Bridlington Priory

Priory Church of St. Mary, Bridlington, grid reference TA177680, commonly known as Bridlington Priory Church is a parish church in Bridlington, East Riding of Yorkshire, England, in the Diocese of York. It is on the site of an Augustinian priory founded in 1113 which was dissolved during the Dissolution of the Monasteries. In 1951 it was designated a Grade I Listed Building.[1]

Priory Church of St Mary, Bridlington
Priory Church of St Mary, Bridlington
DenominationChurch of England
WebsitePriory Church of St Mary Bridlington
DedicationSt Mary



Bridlington Priory was founded around 1113 by Walter de Gant, for Augustinian Canons Regular, one of the earliest Augustinian houses in England, with an adjoining convent. Its foundation was confirmed in charters by King Henry I of England[2][3] The site had formerly been a Saxon church and nunnery.[3] When complete, the building was over 400 ft long (120 m) and 75 ft wide (23 m), with a transept which was 150 ft long (46 m). The first prior is thought to have been called Guicheman or Wickeman.[3]

Early history

The priory was favoured by kings and their nobles and soon owned land across Yorkshire.[2] The Canons from the priory established Newburgh Priory in 1145. King Stephen granted that the priory should have the right to have the property of felons and fugitives within the town and proceeds from the harbour, and later King John gave the priory the right to hold a yearly fair in the town in 1200.[2] During the conflict between Stephen and Matilda, William le Gros, Earl of Albemarle (a Manor in Holderness which is now ‘lost’) advanced on the priory and expelled the canons in his campaign against Gilbert de Gant of Hunmanby. He fortified the priory and later gave the priory six parcels of land, one at Boynton and the rest in Holderness.[4] Henry IV appropriated the rectory of Scarborough to the priory which was later confirmed by Henry V, Henry VI and Edward IV.[3] A royal licence was also granted by Richard II in 1388 to crenellate the priory with fortifications but although history tells there were four gates, 3 of those gates were in the main priory land, Kirk Gate, West Gate, Nun Gate and these were used as daily entrances in and out of the building enclosure itself. Only the Baylegate was a fortified entrance standing at the borders and the Priory itself was in fact never walled.[3] The priory also had a large library, which was listed by John Leland shortly before the dissolution.[3]

Dissolution of the Monasteries

The priory was dissolved in 1538 by Henry VIII during the Dissolution of the Monasteries. The priory was very wealthy at the time of the dissolution and its yearly income was estimated to be £547 6s. 11½d, and owned land stretching from Blubberhouses in the north, and Askham Richard, down to the Spurn Point.[2]

The condition of the priory at the dissolution can be gathered from the report of Richard Pollard, a surveyor of Henry VIII. The Church was more than 390 feet in length, surrounded by the Chapter House, Treasury, Cloister, Prior's Hall, Infirmary. The Quire of the mediaeval church contained woodwork by the celebrated William Brownflete (or Bromflete) who had made the stalls in Beverley Minster, Manchester Cathedral and Ripon Cathedral and a number of churches under the patronage of The Lady Margaret Beaufort, including Gresford and Mold churches, and the chapel of St. John's College Cambridge. All the buildings were destroyed except the Nave which became the parish church and the Gatehouse, which is now the Bayle Gate Museum.[5] Some of the stones from the old priory were used in the construction of the piers at Bridlington. The last Prior, William Wode, was executed at Tyburn for his part in the Pilgrimage of Grace.[2]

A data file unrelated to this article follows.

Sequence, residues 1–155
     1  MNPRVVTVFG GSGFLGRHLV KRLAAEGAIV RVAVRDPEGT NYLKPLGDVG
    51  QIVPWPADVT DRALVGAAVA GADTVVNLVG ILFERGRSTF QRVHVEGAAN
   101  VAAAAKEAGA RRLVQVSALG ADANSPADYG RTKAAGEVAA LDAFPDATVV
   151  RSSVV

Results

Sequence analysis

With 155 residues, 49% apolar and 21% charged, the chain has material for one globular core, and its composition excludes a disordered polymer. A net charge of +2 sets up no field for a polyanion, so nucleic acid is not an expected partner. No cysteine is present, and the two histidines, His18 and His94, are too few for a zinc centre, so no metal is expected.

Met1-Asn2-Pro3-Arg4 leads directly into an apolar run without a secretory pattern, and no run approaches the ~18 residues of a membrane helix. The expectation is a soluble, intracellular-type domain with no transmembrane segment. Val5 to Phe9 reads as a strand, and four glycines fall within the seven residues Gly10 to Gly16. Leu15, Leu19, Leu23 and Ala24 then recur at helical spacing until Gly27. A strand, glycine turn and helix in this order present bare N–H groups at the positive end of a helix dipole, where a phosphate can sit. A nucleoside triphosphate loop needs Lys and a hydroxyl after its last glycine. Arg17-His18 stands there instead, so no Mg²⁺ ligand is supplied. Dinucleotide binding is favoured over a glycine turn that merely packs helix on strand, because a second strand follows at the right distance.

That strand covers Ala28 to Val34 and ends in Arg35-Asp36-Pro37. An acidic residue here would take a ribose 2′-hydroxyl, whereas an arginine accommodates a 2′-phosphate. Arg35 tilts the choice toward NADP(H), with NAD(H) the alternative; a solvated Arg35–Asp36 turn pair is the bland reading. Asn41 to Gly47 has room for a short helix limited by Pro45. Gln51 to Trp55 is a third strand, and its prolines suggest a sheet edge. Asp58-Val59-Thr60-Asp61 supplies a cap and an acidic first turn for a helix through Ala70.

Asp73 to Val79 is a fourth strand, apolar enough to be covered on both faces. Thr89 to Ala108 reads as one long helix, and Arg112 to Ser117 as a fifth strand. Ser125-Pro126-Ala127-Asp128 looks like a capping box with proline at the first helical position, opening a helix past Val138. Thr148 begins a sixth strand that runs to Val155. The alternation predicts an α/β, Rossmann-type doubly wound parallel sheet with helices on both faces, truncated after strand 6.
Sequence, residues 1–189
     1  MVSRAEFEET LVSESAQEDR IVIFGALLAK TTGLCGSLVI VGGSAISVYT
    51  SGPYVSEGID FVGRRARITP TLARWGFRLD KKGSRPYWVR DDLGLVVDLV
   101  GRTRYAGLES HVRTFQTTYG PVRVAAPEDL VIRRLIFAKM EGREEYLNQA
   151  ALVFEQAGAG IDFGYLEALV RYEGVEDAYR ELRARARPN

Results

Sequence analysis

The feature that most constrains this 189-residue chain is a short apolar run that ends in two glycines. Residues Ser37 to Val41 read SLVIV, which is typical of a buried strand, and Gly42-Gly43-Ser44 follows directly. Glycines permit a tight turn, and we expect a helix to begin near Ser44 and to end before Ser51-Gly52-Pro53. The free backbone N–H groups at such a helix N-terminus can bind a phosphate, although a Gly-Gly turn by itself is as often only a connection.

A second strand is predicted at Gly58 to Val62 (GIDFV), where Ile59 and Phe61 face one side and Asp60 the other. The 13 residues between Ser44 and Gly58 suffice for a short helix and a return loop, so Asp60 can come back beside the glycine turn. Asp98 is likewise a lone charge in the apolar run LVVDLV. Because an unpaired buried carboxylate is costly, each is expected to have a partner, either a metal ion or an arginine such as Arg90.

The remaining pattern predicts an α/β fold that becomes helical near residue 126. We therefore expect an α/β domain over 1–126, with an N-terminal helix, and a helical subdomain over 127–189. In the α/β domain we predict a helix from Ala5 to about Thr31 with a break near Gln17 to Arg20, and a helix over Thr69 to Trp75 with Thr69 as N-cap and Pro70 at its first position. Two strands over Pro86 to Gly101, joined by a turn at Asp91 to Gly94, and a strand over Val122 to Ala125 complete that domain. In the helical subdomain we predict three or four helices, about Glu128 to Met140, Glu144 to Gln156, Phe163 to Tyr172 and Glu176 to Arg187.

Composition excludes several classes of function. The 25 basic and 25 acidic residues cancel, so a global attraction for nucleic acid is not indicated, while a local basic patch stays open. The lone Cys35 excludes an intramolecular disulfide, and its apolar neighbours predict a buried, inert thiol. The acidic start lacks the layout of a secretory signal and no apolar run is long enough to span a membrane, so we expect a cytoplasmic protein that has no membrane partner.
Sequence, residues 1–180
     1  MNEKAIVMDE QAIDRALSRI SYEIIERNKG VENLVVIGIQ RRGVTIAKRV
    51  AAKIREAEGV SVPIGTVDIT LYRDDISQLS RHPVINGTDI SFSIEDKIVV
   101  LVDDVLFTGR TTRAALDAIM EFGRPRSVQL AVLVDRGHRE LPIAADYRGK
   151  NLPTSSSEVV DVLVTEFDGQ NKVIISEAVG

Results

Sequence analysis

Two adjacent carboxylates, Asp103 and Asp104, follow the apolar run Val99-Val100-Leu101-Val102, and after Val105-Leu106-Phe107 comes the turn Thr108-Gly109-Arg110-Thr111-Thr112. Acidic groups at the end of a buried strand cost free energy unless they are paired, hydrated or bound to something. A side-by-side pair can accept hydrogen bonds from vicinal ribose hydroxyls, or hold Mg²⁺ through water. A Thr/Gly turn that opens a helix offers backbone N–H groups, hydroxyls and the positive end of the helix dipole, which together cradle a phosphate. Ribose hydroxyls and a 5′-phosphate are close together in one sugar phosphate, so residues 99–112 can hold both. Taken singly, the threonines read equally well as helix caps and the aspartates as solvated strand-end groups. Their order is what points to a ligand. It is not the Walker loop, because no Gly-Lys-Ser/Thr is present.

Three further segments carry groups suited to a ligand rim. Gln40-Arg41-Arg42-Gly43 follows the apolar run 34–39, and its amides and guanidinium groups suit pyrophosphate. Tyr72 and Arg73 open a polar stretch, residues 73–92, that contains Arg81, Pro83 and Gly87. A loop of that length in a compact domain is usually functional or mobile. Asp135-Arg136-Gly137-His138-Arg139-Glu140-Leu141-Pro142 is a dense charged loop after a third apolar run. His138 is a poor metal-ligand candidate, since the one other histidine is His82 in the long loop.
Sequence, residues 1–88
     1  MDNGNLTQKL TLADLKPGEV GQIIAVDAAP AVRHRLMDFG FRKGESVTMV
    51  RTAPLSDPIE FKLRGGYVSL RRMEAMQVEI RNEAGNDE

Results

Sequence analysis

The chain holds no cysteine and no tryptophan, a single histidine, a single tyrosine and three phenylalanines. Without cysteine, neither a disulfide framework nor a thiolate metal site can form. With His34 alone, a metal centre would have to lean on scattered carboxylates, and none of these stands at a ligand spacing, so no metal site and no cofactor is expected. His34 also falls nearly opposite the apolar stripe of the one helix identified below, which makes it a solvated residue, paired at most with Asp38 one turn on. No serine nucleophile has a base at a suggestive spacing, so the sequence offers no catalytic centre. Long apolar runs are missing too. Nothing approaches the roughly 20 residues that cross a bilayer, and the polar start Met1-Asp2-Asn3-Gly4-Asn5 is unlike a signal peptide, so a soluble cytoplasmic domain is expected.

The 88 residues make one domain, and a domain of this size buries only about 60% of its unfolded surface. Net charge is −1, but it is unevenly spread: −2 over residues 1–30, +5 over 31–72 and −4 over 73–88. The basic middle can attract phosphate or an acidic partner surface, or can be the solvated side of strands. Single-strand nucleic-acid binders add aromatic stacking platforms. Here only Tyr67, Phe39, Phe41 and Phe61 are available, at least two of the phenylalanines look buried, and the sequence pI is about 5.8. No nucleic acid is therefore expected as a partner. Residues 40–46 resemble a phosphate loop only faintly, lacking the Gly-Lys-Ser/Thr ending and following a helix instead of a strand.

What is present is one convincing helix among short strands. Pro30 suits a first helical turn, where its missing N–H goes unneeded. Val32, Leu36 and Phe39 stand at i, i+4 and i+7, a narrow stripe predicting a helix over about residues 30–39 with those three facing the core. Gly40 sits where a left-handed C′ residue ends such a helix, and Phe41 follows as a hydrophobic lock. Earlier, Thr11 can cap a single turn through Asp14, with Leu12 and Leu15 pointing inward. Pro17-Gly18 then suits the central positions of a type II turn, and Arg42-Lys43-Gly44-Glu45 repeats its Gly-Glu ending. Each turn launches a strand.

For three centuries after the dissolution, the Nave continued to be used as the parish church and only a third of the building was actually used by the congregation.[2] From 1846 the parish began to raise funds to restore the church and it was partially re-roofed; the west window was opened out and filled with stained glass; the interior was white-washed; and the east window also was filled with stained glass.[2] This work was carried out by the Lancaster partnership of Paley and Austin, but their work was not to the satisfaction of the church authorities.[6] Around 1874 the church employed Sir George Gilbert Scott to completely refurbish the church as it is today. The total cost of the restoration was about £27,000.[2]


The organ was built in 1889 by the Belgian organ builder Charles Anneessens. Various adjustments were made in the 20th century, before it was restored and enlarged between 2004 and 2006 by Nicholson. It has been recorded a number of times and is played by Daniel Moult in the film and recording Virtuoso! Music for Organ.


Organ Scholars

  • Charlie Leeson 2012 - 2017
  • Christopher Too 2012 - 2013
  • Jake Leach 2017-

People connected to the Priory

See also


  1. Historic England. "Parish Church of St Mary, Kirkgate (1346530)". National Heritage List for England. Retrieved 9 January 2013.
  2. "History, topography, and directory of East Yorkshire (with Hull)". T Bulmer & Co. 1892. Retrieved 26 July 2008.
  3. Prickett, Marmaduke (1831). History of the Priory Church of Bridlington. Cambridge.
  4. "The Battle of Hunmanby 1143-44". Retrieved 26 July 2008.
  5. "Bridlington Priory Monastic Buildings". Archived from the original on 10 March 2012. Retrieved 21 February 2013.
  6. Hughes, John M. (2010), Edmund Sharpe: Man of Lancaster, John M. Hughes, pp. 212, 214
  7. Yorkshire Gazette - Saturday 17 October 1857
  8. Hull Times, 17 January 1914
  9. Hull Daily Mail - Friday 31 January 1947


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